Some of us still have stashes of traditional stamps which we were told would become redundant after 31 January. Royal Mail (whose CEO Simon Thompson is on £753,000 per annum) promised old ones could be exchanged for new, but the system has struggled to keep up with demand. Now a chaotic Royal Mail says there will be a ‘grace period’, allowing us to use traditional stamps until 31 July – after which we will have no choice but to go with the barcoded versions they have rolled out.
Barcodes have been spoiling the look of products, especially books, for 20 years and are now set to spoil envelopes. Worse, the barcodes, boasts Royal Mail, will soon be scannable, enabling us to watch and share ‘digital extras’ such as Shaun the Sheep videos.
It’s creepy enough that these days you can ask Alexa to send a comment to the talk radio station LBC. Stamp barcodes will mean we can’t even communicate by letter without a snooper algorithm compiling data on how much post we get per week and what parts of the country it comes from. The whole point of snail mail is that it was the one thing that wasn’t digital.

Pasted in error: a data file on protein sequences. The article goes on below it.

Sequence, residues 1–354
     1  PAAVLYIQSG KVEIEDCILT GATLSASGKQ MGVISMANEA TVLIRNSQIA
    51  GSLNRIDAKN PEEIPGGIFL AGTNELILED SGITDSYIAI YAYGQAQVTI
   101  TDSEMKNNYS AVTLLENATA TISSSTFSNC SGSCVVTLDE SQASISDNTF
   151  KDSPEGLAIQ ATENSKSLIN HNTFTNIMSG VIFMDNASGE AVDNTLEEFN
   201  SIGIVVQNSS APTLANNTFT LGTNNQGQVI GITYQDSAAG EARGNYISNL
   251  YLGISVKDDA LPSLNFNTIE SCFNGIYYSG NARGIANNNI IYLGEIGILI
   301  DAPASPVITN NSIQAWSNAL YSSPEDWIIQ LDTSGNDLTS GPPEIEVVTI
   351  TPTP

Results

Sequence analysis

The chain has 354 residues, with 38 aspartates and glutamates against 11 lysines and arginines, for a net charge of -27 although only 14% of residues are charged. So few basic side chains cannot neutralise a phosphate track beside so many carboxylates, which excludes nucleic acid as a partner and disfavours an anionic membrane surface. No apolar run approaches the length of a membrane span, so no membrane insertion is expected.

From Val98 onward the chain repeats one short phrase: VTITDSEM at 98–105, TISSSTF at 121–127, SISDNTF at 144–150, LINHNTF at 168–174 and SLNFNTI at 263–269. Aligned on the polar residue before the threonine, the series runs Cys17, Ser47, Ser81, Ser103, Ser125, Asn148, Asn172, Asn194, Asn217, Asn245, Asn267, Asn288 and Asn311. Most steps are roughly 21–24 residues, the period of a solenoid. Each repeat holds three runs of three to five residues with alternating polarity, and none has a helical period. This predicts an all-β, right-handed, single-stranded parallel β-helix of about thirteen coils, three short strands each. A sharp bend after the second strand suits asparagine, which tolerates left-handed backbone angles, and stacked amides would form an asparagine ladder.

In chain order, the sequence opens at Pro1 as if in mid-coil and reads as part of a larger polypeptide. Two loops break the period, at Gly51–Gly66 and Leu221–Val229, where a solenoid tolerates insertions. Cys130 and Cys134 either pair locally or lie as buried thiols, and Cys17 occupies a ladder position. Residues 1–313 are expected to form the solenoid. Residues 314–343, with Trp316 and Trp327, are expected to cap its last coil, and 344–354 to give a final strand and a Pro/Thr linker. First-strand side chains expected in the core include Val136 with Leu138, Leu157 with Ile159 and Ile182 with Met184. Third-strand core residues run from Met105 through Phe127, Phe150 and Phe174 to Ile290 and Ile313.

But who still sends snail mail anyway? Princess Diana knew the value of a written expression of gratitude or commiseration. She had a dedicated desk with writing materials and the discipline to sit down each morning and scribble away. Even the blandest of these notes and cards now has monetary value. One letter to a policeman sold for £13,600 at auction this month.
Today even the most well-bred Sloane Ranger finds it difficult to send a handwritten letter. It’s not so much the effort of finding the equipment to pen one, but finding the address to send it to.